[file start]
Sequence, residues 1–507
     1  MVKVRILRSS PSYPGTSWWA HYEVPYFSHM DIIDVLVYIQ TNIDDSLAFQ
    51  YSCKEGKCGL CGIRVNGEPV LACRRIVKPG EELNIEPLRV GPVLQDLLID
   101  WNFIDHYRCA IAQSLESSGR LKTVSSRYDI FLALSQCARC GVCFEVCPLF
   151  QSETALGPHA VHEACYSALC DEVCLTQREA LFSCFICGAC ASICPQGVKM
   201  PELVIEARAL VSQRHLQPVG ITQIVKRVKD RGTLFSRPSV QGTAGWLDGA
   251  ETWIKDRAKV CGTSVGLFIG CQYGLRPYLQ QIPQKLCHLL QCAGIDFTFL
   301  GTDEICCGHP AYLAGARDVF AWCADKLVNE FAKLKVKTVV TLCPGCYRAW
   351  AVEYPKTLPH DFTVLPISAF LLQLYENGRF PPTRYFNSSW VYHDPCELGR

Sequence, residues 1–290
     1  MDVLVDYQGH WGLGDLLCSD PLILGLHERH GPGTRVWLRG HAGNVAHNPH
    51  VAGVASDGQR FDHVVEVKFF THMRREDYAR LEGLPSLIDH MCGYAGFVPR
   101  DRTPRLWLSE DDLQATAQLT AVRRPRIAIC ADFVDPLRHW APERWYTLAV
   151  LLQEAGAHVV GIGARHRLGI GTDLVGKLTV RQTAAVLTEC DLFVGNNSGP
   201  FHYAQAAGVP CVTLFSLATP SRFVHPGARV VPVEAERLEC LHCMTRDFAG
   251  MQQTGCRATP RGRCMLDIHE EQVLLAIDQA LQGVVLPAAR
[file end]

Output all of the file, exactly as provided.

Sequence, residues 1–507
     1  MVKVRILRSS PSYPGTSWWA HYEVPYFSHM DIIDVLVYIQ TNIDDSLAFQ
    51  YSCKEGKCGL CGIRVNGEPV LACRRIVKPG EELNIEPLRV GPVLQDLLID
   101  WNFIDHYRCA IAQSLESSGR LKTVSSRYDI FLALSQCARC GVCFEVCPLF
   151  QSETALGPHA VHEACYSALC DEVCLTQREA LFSCFICGAC ASICPQGVKM
   201  PELVIEARAL VSQRHLQPVG ITQIVKRVKD RGTLFSRPSV QGTAGWLDGA
   251  ETWIKDRAKV CGTSVGLFIG CQYGLRPYLQ QIPQKLCHLL QCAGIDFTFL
   301  GTDEICCGHP AYLAGARDVF AWCADKLVNE FAKLKVKTVV TLCPGCYRAW
   351  AVEYPKTLPH DFTVLPISAF LLQLYENGRF PPTRYFNSSW VYHDPCELGR

Sequence, residues 1–290
     1  MDVLVDYQGH WGLGDLLCSD PLILGLHERH GPGTRVWLRG HAGNVAHNPH
    51  VAGVASDGQR FDHVVEVKFF THMRREDYAR LEGLPSLIDH MCGYAGFVPR
   101  DRTPRLWLSE DDLQATAQLT AVRRPRIAIC ADFVDPLRHW APERWYTLAV
   151  LLQEAGAHVV GIGARHRLGI GTDLVGKLTV RQTAAVLTEC DLFVGNNSGP
   201  FHYAQAAGVP CVTLFSLATP SRFVHPGARV VPVEAERLEC LHCMTRDFAG
   251  MQQTGCRATP RGRCMLDIHE EQVLLAIDQA LQGVVLPAAR